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The Birth of Blues, Jazz, and Rock

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The Birth of Blues, Jazz, and Rock
These are my rough unedited class notes representing general ideas and concepts for class lectures.
Please ignore the many sentence fragments.

The African-American culture of the southern plantation influenced the birth of the blues through the adaptation of their African musical heritage. Based upon a call and response structure, one slave worker would call or play a lead and the fellow workers would respond with the same phrase or an embellishment of that phrase. The music involved predictable repetitions and were designed to ease the boredom of working in the fields as well as using music to retain memories of their past. This was important to the slave who were accustomed to dancing and singing to the beat of African drumming which emphasized rhythm over harmony. Drums were outlawed by the plantation owners so slaves often substituted clapping or slapping their bodies to establish a rhythmic pulse. The black churches of the south used music to enhance their worship services. Even today, black church services traditionally extend many hours into the afternoon and sometimes resemble a community talent show with congregation members performing all sorts of energetic music.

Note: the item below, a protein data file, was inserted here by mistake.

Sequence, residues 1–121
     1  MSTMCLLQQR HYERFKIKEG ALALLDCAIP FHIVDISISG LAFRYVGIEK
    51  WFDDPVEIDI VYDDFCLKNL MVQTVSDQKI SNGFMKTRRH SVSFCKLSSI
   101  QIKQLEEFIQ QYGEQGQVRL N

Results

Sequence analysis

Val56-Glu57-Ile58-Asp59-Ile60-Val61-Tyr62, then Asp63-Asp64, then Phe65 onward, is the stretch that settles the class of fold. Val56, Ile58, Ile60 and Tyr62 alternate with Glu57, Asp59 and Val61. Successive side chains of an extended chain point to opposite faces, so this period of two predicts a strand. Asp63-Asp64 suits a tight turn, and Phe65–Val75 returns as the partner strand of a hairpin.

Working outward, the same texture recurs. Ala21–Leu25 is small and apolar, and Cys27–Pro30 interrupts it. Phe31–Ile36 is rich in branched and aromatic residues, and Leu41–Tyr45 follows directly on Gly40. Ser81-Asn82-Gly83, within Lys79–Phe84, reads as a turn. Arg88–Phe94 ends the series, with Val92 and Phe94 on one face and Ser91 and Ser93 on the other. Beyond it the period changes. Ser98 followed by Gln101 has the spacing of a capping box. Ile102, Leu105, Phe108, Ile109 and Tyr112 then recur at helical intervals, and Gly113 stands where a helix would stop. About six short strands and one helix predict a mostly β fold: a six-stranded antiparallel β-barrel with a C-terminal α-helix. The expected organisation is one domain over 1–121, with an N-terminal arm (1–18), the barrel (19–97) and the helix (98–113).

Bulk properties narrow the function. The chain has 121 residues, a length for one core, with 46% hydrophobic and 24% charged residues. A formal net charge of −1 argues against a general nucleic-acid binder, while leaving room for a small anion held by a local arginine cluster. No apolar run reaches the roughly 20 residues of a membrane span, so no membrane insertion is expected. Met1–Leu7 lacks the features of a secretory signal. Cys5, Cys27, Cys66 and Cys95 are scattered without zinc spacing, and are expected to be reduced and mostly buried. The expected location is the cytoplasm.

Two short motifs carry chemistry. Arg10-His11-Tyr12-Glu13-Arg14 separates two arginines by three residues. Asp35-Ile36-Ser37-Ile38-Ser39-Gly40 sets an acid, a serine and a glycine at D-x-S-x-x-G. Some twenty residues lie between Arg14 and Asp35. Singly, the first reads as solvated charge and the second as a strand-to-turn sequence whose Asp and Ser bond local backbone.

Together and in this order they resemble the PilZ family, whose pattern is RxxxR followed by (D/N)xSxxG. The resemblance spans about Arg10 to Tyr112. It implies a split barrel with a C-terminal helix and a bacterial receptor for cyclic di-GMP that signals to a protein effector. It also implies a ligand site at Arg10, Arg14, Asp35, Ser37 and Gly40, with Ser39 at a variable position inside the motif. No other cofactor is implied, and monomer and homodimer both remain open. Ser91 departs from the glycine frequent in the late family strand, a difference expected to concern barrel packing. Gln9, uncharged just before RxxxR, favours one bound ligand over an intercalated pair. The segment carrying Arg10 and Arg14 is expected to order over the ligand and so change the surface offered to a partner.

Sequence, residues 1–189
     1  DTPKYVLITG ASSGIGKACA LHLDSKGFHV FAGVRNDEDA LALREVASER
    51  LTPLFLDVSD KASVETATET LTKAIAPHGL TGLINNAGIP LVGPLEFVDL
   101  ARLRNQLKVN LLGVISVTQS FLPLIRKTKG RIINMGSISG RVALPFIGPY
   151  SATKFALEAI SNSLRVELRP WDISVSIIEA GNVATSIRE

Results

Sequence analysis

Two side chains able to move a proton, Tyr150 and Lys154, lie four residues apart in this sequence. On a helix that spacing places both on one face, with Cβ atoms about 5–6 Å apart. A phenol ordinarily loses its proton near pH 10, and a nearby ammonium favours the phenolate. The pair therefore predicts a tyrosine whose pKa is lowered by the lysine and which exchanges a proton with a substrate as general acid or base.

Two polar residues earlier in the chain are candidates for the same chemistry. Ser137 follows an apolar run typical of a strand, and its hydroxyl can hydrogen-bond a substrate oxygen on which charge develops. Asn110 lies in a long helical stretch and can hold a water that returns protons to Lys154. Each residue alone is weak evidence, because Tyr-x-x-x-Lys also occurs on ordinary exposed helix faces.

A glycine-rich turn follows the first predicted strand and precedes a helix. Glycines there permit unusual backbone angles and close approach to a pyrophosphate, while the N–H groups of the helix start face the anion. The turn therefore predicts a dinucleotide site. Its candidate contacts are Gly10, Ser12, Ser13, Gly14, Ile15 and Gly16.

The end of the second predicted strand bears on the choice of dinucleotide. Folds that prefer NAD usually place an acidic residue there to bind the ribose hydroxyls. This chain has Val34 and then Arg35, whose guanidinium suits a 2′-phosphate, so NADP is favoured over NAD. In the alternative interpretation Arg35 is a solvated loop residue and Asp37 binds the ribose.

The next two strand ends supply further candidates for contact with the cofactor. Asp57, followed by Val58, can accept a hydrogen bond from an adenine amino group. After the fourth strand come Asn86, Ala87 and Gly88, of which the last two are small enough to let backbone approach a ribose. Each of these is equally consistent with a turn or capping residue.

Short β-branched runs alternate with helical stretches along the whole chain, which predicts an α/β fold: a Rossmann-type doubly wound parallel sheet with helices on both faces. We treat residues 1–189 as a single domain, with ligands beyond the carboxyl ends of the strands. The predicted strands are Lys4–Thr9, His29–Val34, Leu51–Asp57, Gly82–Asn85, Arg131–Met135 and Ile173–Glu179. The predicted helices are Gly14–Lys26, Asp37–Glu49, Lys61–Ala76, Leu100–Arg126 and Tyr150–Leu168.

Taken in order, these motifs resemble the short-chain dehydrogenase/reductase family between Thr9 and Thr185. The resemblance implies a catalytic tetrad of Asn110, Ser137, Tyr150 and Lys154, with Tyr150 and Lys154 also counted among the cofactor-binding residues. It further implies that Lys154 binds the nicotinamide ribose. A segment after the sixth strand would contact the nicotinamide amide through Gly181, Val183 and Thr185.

During WWI many southern A-A's brought the blues to northern cities especially Chicago. The AA population grew from 40,000 in 1910 to 240,000 in 1930. Many left the plantations to flee from discrimination and to seek better paying jobs in the northern factories. From 1940-1950 220,000 southern African-Americans fled from the southern plantations to Chicago with nearly half coming from the Mississippi Delta region.

Muddy Waters (McKinley Morganfield)

Singing in church "I was a good Baptist and got all my moaning and trembling going on for me right out of church."

First guitar at 13 Sold last family horse for $15... Gave grandmother half and order a Stella guitar from Sears and Roebuck for $2.50

1943 moved to Chicago to make a start in the music business.

Wanted to

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